Are you facing vehicular homicide charges in Ohio? If so, know that you’re not alone, and an experienced criminal defense lawyer at Moermond & Mulligan, LLC will be ready to stand up for you. The accident that led to your charges might have happened in the blink of an eye, but the repercussions of a conviction could haunt you for the rest of your life. The good news is that you can safeguard your rights and future by seeking help from the criminal defense attorneys at Moermond & Mulligan, LLC as soon as possible after being charged.
To learn more about our approach and what we can do for you, please read on or contact our vehicular homicide defense lawyers for a free, confidential case review with zero obligation.
Do I Need A Vehicular Homicide Defense Lawyer?
Taking on the criminal justice system alone is never a good idea. You have law enforcement and the prosecution working against you from day one, using every resource at their disposal to discredit, blame, and convict you. Then there are the complex legal requirements, the specific procedures of local court systems, and the peculiarities of individual judges and prosecutors. A single misstep in this labyrinthine institution could have dire consequences that follow you for life.
That’s why you should always work with a criminal defense lawyer after being charged with vehicular homicide in Ohio. Your lawyer can protect your rights and minimize the repercussions of the charges against you by:
- Reviewing the charges you are facing and explaining your options every step of the way
- Providing dependable legal guidance based on decades of criminal law experience
- Investigating the circumstances of the accident to identify and preserve valuable evidence
- Interviewing witnesses who saw the crash to obtain unbiased statements in your defense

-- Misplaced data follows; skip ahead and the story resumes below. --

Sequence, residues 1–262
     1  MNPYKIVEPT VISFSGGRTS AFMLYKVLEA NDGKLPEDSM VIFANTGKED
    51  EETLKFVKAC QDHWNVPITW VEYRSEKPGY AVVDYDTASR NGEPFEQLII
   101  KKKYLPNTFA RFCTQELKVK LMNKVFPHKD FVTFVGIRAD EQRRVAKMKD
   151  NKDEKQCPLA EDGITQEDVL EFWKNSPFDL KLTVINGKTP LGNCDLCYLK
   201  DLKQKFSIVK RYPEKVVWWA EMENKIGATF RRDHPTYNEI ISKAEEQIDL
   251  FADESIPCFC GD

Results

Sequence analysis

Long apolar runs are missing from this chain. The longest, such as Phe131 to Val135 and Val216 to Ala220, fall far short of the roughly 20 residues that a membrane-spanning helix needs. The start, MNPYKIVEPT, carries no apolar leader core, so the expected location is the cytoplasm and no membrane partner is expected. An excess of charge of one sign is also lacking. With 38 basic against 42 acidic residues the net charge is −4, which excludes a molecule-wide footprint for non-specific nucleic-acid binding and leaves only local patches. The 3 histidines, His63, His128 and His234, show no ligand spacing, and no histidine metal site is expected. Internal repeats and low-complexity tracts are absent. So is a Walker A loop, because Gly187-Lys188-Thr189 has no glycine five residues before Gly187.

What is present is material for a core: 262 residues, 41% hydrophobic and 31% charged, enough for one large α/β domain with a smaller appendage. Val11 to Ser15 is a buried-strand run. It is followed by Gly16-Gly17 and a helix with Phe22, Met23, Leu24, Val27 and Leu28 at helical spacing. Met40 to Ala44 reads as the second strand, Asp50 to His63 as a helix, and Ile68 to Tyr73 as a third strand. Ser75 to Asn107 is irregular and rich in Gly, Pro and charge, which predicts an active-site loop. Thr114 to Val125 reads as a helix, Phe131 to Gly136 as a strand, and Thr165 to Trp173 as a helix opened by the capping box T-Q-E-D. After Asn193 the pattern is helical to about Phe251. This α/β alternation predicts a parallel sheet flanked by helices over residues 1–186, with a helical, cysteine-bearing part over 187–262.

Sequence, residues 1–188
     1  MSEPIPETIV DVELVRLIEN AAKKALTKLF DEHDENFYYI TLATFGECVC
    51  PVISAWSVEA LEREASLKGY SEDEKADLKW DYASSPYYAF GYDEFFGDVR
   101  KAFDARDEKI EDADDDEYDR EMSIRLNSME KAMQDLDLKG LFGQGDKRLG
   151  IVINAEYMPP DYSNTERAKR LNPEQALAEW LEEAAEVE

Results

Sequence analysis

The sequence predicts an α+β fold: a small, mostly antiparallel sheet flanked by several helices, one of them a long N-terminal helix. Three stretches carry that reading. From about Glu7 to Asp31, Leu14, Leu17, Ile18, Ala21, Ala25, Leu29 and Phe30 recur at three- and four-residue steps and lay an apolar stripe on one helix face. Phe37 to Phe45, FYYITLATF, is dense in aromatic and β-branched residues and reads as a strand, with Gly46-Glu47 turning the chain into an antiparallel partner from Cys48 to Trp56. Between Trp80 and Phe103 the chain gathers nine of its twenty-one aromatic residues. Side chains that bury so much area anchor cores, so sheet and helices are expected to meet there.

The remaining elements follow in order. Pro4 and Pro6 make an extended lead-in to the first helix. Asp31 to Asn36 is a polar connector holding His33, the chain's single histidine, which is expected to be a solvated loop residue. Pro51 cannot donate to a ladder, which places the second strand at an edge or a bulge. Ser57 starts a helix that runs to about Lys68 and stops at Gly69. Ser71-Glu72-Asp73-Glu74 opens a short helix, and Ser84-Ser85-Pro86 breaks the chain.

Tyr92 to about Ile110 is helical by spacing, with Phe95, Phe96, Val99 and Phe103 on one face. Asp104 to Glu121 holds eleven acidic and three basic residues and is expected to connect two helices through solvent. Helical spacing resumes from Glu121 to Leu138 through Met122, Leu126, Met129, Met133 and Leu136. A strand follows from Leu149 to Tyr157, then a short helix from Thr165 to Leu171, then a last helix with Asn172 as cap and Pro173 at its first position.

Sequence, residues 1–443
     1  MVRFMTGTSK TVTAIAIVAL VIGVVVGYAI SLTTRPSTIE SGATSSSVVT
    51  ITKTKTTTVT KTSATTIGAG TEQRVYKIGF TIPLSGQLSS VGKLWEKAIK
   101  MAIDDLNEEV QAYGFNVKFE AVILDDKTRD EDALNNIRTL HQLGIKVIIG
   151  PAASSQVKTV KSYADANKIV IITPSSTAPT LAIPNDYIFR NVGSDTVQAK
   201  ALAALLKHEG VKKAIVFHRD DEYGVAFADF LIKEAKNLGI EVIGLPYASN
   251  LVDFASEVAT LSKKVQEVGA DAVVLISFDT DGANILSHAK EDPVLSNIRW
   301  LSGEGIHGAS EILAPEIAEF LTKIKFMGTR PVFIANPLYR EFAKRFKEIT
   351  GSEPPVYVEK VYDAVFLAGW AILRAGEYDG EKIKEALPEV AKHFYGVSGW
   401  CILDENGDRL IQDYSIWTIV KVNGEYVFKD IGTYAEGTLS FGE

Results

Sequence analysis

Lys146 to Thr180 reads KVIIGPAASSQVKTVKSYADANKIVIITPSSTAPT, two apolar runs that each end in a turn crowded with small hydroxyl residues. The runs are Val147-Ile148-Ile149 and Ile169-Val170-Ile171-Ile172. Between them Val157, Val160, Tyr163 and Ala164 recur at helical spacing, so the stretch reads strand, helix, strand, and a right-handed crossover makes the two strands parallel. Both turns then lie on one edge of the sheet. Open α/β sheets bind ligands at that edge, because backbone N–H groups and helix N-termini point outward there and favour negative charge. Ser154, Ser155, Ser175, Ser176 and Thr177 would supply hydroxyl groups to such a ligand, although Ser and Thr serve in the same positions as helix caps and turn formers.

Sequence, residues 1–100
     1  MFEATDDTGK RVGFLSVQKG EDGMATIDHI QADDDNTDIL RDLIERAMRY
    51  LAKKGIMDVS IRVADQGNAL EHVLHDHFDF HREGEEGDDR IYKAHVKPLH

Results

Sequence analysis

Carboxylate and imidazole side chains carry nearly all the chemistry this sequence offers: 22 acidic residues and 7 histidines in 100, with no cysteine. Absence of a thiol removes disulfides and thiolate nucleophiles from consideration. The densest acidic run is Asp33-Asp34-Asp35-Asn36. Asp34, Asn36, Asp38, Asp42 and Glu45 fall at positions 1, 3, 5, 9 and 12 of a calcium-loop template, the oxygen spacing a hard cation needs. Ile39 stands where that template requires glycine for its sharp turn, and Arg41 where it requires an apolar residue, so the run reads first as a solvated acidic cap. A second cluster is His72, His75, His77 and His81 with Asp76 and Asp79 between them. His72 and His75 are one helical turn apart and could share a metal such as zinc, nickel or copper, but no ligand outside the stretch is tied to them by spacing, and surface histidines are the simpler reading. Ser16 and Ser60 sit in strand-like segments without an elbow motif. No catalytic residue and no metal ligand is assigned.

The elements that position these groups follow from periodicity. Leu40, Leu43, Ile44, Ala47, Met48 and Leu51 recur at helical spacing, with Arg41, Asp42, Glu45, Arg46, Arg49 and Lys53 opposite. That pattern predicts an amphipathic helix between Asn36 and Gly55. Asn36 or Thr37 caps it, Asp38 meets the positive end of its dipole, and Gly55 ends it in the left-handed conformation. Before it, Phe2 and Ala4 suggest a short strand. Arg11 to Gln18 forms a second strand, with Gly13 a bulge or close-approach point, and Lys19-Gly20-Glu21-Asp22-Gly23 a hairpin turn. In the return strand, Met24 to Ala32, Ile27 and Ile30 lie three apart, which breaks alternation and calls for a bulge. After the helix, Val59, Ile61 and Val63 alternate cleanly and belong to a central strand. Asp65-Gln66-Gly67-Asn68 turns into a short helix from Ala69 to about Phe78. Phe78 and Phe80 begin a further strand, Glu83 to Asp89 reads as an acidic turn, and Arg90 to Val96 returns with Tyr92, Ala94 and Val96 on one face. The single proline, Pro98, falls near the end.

- Working with experts like crash reconstructionists to get compelling professional testimony
- Communicating with others on your behalf so you don’t have to watch every word you say
- Arguing that you did not act with intent or recklessness in causing the accident
- Presenting evidence showing you had a medical emergency at the time of the collision
- Showing proof of a mechanical defect in your vehicle, which you could not have reasonably known about when the accident occurred, contributed to the crash
- Demonstrating that the negligent or reckless behavior of a third party caused the accident
- Uncovering proof of police misconduct in your case, such as unlawful search or seizure
- Negotiating with prosecutors to have the charges against you reduced or dismissed
- Representing you at trial, arguing your case in court, and working to minimize possible penalties
- Filing an appeal and fighting for downgraded or alternative sentences in the event of a conviction
Why Choose Moermond & Mulligan, LLC to Handle Your Vehicular Homicide Case?
If you have been charged with vehicular homicide in Ohio, you deserve skilled and attentive legal representation. The defense attorneys at Moermond & Mulligan, LLC are here to deliver. We have the resources and experience to handle your case with urgency and care. Seeking our help with vehicular homicide charges ensures an aggressive defense on your behalf.